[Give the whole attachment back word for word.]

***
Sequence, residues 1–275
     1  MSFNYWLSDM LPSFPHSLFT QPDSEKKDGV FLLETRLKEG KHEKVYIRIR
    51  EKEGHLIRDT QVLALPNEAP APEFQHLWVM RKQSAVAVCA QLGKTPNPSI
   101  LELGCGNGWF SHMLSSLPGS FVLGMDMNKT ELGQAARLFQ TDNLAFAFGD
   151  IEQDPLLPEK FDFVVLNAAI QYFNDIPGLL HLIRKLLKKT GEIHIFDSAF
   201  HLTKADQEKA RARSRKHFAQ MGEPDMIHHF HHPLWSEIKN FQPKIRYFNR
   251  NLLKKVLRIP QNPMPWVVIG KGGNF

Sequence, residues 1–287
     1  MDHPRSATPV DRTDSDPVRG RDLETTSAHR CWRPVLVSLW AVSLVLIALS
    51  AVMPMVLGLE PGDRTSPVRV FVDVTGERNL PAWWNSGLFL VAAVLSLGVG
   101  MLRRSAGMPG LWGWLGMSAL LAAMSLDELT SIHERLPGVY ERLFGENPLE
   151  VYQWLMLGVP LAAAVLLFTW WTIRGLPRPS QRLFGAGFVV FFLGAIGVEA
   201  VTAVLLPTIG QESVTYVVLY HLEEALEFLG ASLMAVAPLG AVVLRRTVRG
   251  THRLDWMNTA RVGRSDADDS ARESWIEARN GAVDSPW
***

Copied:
Sequence, residues 1–275
     1  MSFNYWLSDM LPSFPHSLFT QPDSEKKDGV FLLETRLKEG KHEKVYIRIR
    51  EKEGHLIRDT QVLALPNEAP APEFQHLWVM RKQSAVAVCA QLGKTPNPSI
   101  LELGCGNGWF SHMLSSLPGS FVLGMDMNKT ELGQAARLFQ TDNLAFAFGD
   151  IEQDPLLPEK FDFVVLNAAI QYFNDIPGLL HLIRKLLKKT GEIHIFDSAF
   201  HLTKADQEKA RARSRKHFAQ MGEPDMIHHF HHPLWSEIKN FQPKIRYFNR
   251  NLLKKVLRIP QNPMPWVVIG KGGNF

Sequence, residues 1–287
     1  MDHPRSATPV DRTDSDPVRG RDLETTSAHR CWRPVLVSLW AVSLVLIALS
    51  AVMPMVLGLE PGDRTSPVRV FVDVTGERNL PAWWNSGLFL VAAVLSLGVG
   101  MLRRSAGMPG LWGWLGMSAL LAAMSLDELT SIHERLPGVY ERLFGENPLE
   151  VYQWLMLGVP LAAAVLLFTW WTIRGLPRPS QRLFGAGFVV FFLGAIGVEA
   201  VTAVLLPTIG QESVTYVVLY HLEEALEFLG ASLMAVAPLG AVVLRRTVRG
   251  THRLDWMNTA RVGRSDADDS ARESWIEARN GAVDSPW